Experiencing health challenges can be difficult for us to overcome, especially recovering from a stroke. Losing the ability to perform basic bodily functions with ease such as walking can be a significant challenge both physically and mentally to conquer.
Osteopath, fitness professional, nationally recognised coach and trainer within the health and fitness industry and the founder of Living Health Group, Dr Lisa Gadd shares her top tips and exercises on stroke recovery.
One of the key lessons that helped me recover from my stroke was surrounding myself with good people. Friends, family, people that actually were there for me, that were happy to support me and those that stuck with me in the challenging times. Some moments were really challenging and dark, but having good supportive friends and family really do make the difference. What once would have been a walk and coffee with a friend now was just a walk to the letterbox, but I had people there on that journey with me.
Overcoming a stroke may be a shock to both you and your friends and family. Like recovering from any injury or illness, listening to your body is key. Our body gives us feedback on what it needs and when it needs to rest. Learn to listen to it.
Work closely with your practitioner to set realistic goals, small walks, up 5 steps, and being able to make a cup of tea.
Start small, do a lap of the house and then gradually build little by little.
Sitting in a chair, hips, knees and toes all straight, push through your heels and stand up, engage through your heels and stand up. This is a great exercise to help strengthen your glutes (bum muscles and keep you strong in the core).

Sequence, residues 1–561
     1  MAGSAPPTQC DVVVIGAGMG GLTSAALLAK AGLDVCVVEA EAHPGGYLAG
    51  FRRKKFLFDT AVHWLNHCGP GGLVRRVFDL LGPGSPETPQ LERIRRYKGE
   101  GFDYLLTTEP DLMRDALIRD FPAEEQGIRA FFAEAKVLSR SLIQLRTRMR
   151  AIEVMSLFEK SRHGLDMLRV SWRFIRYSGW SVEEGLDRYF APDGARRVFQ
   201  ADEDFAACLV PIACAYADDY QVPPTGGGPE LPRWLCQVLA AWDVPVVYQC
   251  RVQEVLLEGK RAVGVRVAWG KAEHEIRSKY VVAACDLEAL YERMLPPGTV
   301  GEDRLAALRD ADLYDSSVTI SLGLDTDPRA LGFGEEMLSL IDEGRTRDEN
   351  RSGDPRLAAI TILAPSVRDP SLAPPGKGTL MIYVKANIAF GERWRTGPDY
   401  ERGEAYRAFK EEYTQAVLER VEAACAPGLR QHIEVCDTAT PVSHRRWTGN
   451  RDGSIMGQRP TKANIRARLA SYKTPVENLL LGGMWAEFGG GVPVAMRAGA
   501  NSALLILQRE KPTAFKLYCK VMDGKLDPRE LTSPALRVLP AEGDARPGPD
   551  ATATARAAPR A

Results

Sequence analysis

Help with coordination plus help keep your low back strong. Find a small step, step up with one foot, drive your weight through your heel, keep your core on and slowly step down in a controlled manner. If you need to use a rail for support do so.
Using bands is a good way to help keep your back strong and help with posture. Wrap a strong band around something stable, from a sitting position row the band into your belly button, slow and controlled, keeping shoulders relaxed.
Help to keep your upper body strong. Placing your hands on a wall at shoulder level, slowly lower your chest to the wall then press away slow and controlled.
IMPORTANT LEGAL INFO This article is of a general nature and FYI only, because it doesn’t take into account your personal health requirements or existing medical conditions. That means it’s not personalised health advice and shouldn’t be relied upon as if it is. Before making a health-related decision, you should work out if the info is appropriate for your situation and get professional medical advice.